may20

 

May 20, 2005

 

Understanding the Impact of Perceived Discriminationamong Latino College
Students: An Exploratory InvestigationUtilizing Racial Identity Theory

Jason Lessing, B.A.
California State University, Los Angeles
MBRS-RISE Graduate Student

Abstract:The importance of understanding the psychological impact of racial discrimination cannot be understated. Findings from numerous studies suggest that chronic exposure to racial stressors has a deleterious impact on the physical and mental health of People of Color (i.e., Harrell, 1995; Jackson, Brown, Torres, Sellers & Brown, 1996; Krieger & Sidney, 1996; Surgeon General, 2001). Specifically, among Latinos, self-reported experiences of racial discrimination has been associated with depression, low self-worth, anxiety, and stress (Ruef, Litz, & Schlenger, 2000; Sagado De Snyder, 1987; Szalacha, Erkut, Garcia Coll, Alarcon, Fields, & Ceder, 2003). Yet, in spite of these findings, few studies have systematically investigated the psychological impact of these experiences on the identity development of Latinos.
Thus, one purpose of this exploratory study was to fill this critical gap in the literature. Specifically, the current study seeks to examine the relationship between racial identity attitudes (i.e., conformity, dissonance, resistance, and integrative awareness) and perceived discrimination (i.e., an individual's willingness to appraise a situation as resulting from racial discrimination). Furthermore, the current study attempts to examine the psychological consequences (i.e., psychological symptoms such as anxiety, depression, hyperalertness, and somatic complaints) of perceived racial discrimination, and the degree to which racial identity helps moderate those consequences. Lastly, research and counseling implications will be addressed.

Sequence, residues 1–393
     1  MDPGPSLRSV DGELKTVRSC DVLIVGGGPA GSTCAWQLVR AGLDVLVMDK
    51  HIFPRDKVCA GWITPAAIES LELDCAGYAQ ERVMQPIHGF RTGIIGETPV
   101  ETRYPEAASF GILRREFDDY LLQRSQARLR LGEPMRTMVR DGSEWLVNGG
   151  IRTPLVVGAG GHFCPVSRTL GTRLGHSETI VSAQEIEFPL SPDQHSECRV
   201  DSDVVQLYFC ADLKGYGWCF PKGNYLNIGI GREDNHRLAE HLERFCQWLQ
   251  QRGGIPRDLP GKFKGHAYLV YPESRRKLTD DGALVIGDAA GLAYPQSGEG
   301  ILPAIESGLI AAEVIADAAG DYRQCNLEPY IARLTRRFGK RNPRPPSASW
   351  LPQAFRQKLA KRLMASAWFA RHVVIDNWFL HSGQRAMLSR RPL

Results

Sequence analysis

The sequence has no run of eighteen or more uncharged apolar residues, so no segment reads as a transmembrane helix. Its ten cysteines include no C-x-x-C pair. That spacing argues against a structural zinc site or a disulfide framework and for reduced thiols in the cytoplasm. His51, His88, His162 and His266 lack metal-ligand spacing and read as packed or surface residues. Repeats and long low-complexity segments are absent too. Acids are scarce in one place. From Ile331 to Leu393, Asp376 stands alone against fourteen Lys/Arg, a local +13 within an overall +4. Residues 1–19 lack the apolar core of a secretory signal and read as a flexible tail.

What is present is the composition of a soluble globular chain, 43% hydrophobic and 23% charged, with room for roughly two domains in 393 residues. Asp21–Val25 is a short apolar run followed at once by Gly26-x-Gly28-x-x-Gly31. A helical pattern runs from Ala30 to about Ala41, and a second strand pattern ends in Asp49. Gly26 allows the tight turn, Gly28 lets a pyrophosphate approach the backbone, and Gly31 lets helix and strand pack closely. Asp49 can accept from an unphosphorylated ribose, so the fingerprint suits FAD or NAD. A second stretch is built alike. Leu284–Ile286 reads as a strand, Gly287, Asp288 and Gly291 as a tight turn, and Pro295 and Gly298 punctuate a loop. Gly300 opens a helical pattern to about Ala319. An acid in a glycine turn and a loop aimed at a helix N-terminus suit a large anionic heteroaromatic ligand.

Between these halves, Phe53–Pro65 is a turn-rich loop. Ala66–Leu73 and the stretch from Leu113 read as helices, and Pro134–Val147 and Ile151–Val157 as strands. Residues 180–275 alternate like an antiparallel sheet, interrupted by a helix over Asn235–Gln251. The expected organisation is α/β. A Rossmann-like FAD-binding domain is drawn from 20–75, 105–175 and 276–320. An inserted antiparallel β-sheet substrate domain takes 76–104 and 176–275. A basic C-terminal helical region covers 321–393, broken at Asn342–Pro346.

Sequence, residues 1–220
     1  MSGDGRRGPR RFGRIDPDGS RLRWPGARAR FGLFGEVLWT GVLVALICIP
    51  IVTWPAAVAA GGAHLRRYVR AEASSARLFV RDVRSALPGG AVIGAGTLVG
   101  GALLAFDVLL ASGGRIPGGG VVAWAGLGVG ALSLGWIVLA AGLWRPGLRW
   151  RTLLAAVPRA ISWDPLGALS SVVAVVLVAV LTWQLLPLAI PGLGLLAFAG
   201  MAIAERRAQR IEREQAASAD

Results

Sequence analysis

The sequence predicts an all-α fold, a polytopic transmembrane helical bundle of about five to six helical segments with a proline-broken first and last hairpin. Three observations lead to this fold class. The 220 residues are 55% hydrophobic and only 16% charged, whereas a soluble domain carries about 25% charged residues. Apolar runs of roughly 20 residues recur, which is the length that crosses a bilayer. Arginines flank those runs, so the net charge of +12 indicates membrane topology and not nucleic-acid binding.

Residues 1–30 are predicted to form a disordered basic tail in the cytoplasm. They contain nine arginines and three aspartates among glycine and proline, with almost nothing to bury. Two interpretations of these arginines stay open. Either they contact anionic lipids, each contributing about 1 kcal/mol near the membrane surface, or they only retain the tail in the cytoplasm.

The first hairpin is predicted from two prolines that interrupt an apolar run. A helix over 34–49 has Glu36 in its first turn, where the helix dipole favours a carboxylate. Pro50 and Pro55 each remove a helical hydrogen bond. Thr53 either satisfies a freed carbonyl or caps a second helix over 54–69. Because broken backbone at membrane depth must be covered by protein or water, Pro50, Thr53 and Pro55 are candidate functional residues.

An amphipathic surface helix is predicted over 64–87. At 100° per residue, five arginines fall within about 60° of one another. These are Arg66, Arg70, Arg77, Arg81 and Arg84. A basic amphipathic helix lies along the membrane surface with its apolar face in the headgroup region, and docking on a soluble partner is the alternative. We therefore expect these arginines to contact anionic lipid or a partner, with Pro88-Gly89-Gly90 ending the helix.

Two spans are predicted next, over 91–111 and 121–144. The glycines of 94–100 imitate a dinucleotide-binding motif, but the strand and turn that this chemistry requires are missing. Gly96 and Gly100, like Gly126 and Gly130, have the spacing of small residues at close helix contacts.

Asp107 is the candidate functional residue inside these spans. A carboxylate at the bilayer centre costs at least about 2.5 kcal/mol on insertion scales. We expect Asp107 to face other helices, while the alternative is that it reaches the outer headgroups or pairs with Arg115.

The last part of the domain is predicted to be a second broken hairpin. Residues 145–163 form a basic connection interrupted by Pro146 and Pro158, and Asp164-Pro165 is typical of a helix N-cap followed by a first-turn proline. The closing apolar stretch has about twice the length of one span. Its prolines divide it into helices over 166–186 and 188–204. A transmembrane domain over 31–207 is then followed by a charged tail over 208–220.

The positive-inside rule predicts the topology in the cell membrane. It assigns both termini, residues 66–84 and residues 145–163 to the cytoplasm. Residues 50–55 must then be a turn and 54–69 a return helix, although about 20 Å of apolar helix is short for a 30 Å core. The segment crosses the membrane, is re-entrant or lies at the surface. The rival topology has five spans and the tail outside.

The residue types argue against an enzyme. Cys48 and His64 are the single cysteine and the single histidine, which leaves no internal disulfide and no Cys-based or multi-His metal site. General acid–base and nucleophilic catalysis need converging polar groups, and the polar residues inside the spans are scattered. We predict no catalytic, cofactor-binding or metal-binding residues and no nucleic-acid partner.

Novel Theta-Defensin, Retrocyclin, elicits antiviral inhibitory activities
in Sendai virus infections, in vitro


Micheal Lipscomb
California State University, Los Angeles
MBRS-RISE Graduate Student

Retrocyclin, a circular, 18 amino acid, mini-defensin peptide exhibits lectin-like, antiviral activities against HIV, Influenza, and Herpes Simplex Viruses (HSV) types 1 and 2. Retrocyclin acts to inhibit viral infection through interactions with carbohydrate residues on cellular receptors and viral ligands. Hypothetically, retrocyclin's antiviral inhibitory activities may act by 1) blocking viral attachment and/or entry into host cells or 2) inducing antiviral immune states upon interaction with viral receptors and/or ligands. Sendai virus, a murine model for studying parainfluenza viruses, is an enveloped RNA virus that attacks the respiratory tract of rodents, causing infections similar to those caused by human parainfluenza type-1 and influenza viruses. The primary goal of this research project is to assess retrocyclin's antiviral inhibitory roles in Sendai virus infections.


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